Hand-holding

The House of Lords has passed the Sexual Orientation Regulations which will come into effect in April in Scotland. I’ve already written a lot about the attitude of certain religious adoption agencies to these, and I will not repeat that now.

There has been such a focus on adoption, that a lot of the detail of these new regulations has gone undiscussed. For example, the days when two men or two women could be thrown out of a restaurant or pub for holding hands are about to come to an end. Certain social mores are changing, and about time too.

And if you have never known what it was like to risk being thrown out of a restaurant for holding hands with someone, pause, stop and think about it, just for a moment, before commenting.

Comments

  1. I haven’t – not for holding hands. But I have been removed from a hotel dining room in which we were the only customers – for daring to breast feed a very young baby. As this was not yesterday, I can only hope things have improved, but I’m not holding my breath.
    There are some seriously strange attitudes still at large out there.

  2. It’s not so long ago my friend was asked to leave a restaurant because she was with a person with a learning disability. It can sound unbelievable that the human heart can be so cold. What is it that we fear? Do we really believe that people are “People First”? Why do we need to place labels on ourselves and others like some sort of stigma? Is it fear, jealousy, greed, ignorance, hysteria? Today we may be asked to leave pubs and restaurants but if this cold, distant and authoritarian behaviour goes uncontested, if we simply say nothing, then, tomorrow it may be our jobs, houses and country (not to mention our church) that we are asked to leave. How can we challenge prejudice non-violently? The change in the law is welcome but I feel it will not be enough.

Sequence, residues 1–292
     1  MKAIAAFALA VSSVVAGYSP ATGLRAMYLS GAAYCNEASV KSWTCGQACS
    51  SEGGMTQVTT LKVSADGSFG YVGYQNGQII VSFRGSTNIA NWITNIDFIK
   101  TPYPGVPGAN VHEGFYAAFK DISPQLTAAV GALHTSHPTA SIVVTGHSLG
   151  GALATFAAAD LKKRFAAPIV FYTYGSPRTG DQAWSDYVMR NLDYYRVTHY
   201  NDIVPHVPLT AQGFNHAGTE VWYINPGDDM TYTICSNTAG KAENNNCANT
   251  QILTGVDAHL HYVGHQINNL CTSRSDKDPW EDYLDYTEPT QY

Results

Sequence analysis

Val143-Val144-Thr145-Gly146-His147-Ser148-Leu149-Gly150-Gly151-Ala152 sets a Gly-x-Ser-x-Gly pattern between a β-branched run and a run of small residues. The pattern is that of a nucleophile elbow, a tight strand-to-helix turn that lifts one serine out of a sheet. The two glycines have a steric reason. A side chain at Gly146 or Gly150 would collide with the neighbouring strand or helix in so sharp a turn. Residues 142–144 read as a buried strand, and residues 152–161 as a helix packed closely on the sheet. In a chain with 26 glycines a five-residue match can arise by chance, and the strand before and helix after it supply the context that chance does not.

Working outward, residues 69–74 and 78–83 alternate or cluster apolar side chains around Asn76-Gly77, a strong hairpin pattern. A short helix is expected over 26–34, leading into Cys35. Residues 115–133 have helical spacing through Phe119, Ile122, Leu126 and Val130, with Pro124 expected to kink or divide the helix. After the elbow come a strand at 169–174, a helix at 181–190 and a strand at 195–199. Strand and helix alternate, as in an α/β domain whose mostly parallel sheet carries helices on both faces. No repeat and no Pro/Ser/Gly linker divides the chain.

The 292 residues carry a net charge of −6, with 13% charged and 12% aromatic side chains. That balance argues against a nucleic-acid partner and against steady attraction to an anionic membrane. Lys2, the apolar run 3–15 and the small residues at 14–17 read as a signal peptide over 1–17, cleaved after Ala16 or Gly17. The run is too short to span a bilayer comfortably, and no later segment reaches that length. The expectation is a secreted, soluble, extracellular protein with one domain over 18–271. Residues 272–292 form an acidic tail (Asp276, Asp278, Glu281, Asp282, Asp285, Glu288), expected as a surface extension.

A change of heart perhaps?

  3. Brian Holden says:

    Will the change in the law change people’s attitudes? Sex discrimination, for example, has been illegal for more than 30 years. I suspect that despite this new legislation, hoteliers will continue to discover that they have made a mistake and all their rooms are booked after all.

  4. Thanks for that last comment!

  5. kelvin says:

    There will always be people who try to get around the law. Notwithstanding that, I do think that changes in law can make a big difference in the way people behave. I never would have guessed the positive difference that civil partnerships made when they came in.

  6. Brian Holden says:

    There is perhaps a difference between prohibitive and enabling legislation in that you can force someone not to do something without changing their inclination to do it. Enabling legislation does have a positive effect, although I suppose a positive effect of prohibitive legislation is that it makes people who are not directly affected by it think about why it should be necessary.

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